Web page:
How are community-led groups part of larger social or environmental initiatives? Are they playing leadership roles? Can projects evolve as they learn what works? Will they result in stronger organisation in the communities in which they are situated? Are these communities contributing their own ideas and building on the knowledge and experience they have or are they just recipients or, worse, roadblocks to the accomplishment of larger goals?

Many NGOs have ignored these considerations. Some have become experts at using the language of participation, declaring that ‘the communities want our project and are on board.’

Moving beyond lip-service is both possible and rewarding. Here are some practices that we have found pay off in stronger community-led change. They all require a commitment to strengthening processes by building greater trust and capacity in the system for communities to lead:

  • Support networking and exchange. Trust and the ability to work together are only built through the opportunities to get to know one another. Community groups often have few opportunities to learn from similar groups and their access to information can be expanded in this way. Networking can also build relationships with state agencies, companies, and other NGOs that can be key to the success of community initiatives.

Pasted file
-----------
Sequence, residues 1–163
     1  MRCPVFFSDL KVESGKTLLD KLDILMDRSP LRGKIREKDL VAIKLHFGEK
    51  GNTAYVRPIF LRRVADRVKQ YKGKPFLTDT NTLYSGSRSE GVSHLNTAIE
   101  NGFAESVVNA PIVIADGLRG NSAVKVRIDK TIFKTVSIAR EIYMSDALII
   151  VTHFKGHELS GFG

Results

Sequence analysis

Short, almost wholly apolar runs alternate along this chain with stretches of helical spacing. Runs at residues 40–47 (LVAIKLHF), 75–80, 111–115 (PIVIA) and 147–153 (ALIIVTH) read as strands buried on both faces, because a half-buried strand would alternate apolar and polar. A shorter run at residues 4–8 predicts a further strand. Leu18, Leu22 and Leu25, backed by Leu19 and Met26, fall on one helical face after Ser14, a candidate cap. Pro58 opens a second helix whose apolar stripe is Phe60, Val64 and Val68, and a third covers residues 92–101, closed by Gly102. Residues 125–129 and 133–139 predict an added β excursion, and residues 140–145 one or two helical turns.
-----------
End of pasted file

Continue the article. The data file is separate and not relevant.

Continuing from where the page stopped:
• Map out the organisations and communities involved in what you support. This can help to understand interrelations as well as important gaps. Where possible, talk to at least a few of these groups.Community groups are not monolithic. They all have different ideas, and few agree on what change is desirable. But they know well the challenges they face and the human and natural resources they need. 
  • Provide direct funding to community groups if you can. Make sure the funding level and style is appropriate for the group and doesn’t mean they have to hire staff or invest all their time in meeting your requirements. If this is not possible, consider working with local NGOs to either pass on funding and/or provide community groups with other assistance—meeting space, in-kind assistance, or training, for example.
  • Be flexible on both your objectives and how they will be accomplished. Community groups have their own objectives. They shouldn’t have to fit perfectly within yours or the NGOs you fund. Making sure NGOs you support are adapting to these communities and not the other way around can save funding and build better outcomes. 

To accelerate community-led change we must adapt the way we work with NGOs to get stuff done. We need to support good organising processes in which communities have the power to conceive their own objectives and to gain the experience of working towards these ends. They must be the ends, not the means of what we do.

Scott Dupree is an international civil society consultant through Civil Society Transitions with extensive experience in helping build and strengthen civil society organisations in Southern Africa, Brazil, Mexico, Southeast Asia and the United States. Artemisa Castro Felix is one of the founders and the executive director of Fondo Accion Solidaria, a philanthropic organisation that promotes socio-environmental justice in Mexico among grassroots groups.

Tagged in: Community-led philanthropy